Breakfast coconut!!

Kwame Nkrumah's tomb

Jamestown. View of the fishing village from the lighthouse

Noodle meal with omelette type thing (Mahmed's cooking)

Typical food (mahmed's cooking)

Settling in!

So, I totally meant to write on here like 2 days ago but charging phones and sitting down to write it without my phone being drained provided a problem.

Since, my last post a lot has happened so here's my shot at remembering everything. I decided to move hotels as I found it was a long way for me to get anywhere and they locked the gates so if I arrived back late there was no guarantee anyone would let me back in. Also, due to its remoteness simply finding food in the evening was difficult. I have since discovered the map on the website is a lie and isn't actually where it is so anyways, I am now in a new place for half the pricein a very buzzing and apparently cool area. Hotel is a little errm primitive but you get what you pay for...about $5! Got a bed and a light and a fan and a bathroom to share with people and bugs that has a cold shower and a toilet and a sink. What more could I ask for?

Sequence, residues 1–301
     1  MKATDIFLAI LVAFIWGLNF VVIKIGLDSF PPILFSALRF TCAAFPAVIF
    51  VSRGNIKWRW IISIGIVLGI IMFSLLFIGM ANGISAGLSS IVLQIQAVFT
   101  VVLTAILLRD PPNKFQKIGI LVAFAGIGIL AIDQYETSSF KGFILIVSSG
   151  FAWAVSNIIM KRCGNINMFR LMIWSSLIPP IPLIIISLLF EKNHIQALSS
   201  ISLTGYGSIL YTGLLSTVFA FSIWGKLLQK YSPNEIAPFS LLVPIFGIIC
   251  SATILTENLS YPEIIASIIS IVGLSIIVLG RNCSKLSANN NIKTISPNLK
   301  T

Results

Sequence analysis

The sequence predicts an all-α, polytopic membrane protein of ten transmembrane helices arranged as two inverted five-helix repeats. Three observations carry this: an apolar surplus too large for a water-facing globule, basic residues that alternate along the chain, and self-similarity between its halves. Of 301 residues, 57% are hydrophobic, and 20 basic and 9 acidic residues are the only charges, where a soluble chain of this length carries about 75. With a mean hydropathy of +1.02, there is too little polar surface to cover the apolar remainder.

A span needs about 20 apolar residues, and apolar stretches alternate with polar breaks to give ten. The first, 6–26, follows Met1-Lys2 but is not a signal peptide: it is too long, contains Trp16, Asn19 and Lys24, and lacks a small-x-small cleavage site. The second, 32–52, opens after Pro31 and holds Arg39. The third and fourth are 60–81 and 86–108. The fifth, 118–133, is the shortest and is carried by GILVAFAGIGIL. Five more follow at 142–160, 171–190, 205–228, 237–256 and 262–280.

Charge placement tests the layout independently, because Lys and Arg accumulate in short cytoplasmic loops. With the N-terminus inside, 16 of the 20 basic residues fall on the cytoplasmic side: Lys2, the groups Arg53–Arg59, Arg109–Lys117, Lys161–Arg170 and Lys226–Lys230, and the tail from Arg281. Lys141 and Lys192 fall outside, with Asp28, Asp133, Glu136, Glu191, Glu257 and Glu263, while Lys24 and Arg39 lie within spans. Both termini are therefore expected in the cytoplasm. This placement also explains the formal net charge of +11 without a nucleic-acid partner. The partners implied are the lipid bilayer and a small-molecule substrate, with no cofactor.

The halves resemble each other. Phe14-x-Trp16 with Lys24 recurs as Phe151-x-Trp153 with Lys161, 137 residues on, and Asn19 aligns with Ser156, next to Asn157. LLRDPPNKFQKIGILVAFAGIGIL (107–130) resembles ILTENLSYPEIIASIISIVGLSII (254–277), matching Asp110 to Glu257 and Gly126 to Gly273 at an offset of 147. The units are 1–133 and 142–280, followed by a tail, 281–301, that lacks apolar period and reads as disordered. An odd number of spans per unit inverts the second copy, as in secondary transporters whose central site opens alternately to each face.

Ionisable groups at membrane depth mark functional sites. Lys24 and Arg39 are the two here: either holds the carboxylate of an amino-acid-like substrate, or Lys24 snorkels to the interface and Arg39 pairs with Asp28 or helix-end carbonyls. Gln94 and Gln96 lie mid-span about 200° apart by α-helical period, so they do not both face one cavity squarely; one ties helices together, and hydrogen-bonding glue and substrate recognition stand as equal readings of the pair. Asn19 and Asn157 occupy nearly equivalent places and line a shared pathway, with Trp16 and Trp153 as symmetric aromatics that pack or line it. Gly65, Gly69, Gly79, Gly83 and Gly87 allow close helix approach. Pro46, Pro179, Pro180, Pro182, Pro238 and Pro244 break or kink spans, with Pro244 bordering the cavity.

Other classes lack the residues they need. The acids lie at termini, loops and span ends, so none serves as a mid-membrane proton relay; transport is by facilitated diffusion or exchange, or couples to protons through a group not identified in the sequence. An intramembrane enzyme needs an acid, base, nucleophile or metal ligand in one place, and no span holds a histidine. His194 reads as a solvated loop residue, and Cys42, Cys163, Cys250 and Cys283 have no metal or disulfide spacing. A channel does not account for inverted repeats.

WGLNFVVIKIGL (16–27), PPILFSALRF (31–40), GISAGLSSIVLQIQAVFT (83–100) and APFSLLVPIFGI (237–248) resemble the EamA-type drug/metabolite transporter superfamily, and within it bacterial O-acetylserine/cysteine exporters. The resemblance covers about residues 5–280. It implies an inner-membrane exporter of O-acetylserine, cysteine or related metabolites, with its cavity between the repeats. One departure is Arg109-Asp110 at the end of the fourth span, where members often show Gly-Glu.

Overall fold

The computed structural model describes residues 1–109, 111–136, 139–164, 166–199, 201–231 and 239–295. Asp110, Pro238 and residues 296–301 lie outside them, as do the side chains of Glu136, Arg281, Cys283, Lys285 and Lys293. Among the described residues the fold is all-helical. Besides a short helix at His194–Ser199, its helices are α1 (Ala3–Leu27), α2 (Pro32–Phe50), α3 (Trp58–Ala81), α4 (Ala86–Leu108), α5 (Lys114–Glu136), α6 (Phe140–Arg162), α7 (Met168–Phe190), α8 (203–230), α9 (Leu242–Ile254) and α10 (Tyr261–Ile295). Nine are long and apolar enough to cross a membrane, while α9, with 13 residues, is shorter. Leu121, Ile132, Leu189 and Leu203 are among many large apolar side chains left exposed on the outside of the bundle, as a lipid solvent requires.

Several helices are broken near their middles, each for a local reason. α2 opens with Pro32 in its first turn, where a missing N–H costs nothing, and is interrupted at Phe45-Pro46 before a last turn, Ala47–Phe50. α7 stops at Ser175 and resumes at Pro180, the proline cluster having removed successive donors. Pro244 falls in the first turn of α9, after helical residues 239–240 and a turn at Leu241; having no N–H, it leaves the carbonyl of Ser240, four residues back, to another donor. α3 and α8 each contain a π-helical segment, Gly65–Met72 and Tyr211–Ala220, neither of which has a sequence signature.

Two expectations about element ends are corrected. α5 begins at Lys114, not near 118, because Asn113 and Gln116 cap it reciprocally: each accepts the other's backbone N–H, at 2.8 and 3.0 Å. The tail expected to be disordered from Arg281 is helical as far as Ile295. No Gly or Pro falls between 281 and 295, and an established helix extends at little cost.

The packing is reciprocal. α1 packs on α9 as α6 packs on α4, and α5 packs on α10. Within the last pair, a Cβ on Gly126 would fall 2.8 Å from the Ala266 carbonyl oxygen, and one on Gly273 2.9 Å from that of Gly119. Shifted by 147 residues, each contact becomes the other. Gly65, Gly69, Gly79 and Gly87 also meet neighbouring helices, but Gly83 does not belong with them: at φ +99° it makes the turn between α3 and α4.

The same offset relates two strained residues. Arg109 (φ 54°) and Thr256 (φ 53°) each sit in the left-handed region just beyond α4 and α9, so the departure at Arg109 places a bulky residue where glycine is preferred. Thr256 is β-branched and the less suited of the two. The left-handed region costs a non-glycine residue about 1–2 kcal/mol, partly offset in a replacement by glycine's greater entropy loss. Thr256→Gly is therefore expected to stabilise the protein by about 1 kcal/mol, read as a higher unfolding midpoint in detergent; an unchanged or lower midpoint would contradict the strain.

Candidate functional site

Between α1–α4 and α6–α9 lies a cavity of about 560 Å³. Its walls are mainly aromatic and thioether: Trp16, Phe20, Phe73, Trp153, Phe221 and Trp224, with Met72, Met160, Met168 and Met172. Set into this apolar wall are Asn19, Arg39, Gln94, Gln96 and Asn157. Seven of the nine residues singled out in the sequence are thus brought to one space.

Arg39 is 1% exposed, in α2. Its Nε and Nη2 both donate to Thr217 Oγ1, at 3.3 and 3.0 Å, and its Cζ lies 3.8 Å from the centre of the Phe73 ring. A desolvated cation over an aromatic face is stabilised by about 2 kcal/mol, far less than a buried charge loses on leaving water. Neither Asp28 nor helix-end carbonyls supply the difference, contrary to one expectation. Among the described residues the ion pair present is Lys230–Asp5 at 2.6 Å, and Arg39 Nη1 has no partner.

Since being here I have made a lot of friends. One in particular who now calls me his 'white sister' and calls himself my 'senior brother' because he says he looks after me. His name is Mahmed and we get on amazingly and it's nice to have someone to chat to about missing everyone. I tell him all about my life and he tells me all about his. I tell him all about America and the uk, he tells me about things here including me showing me how to cook Ghanaian food everyday and speaking the language! We have had some amazing chats about families, like our traditions in marriage and children. He is amazed that I have a boyfriend who will never 'want another woman'. He wants to fall in love with a white lady because they are honest with their man and dedicated. In Ghana, traditions of marrying more than one woman are decreasing but still it is very legal and encouraged by the older generations. I have taught him about all sorts in the western world and he makes me great food everyday including goats meat which I actually really like!!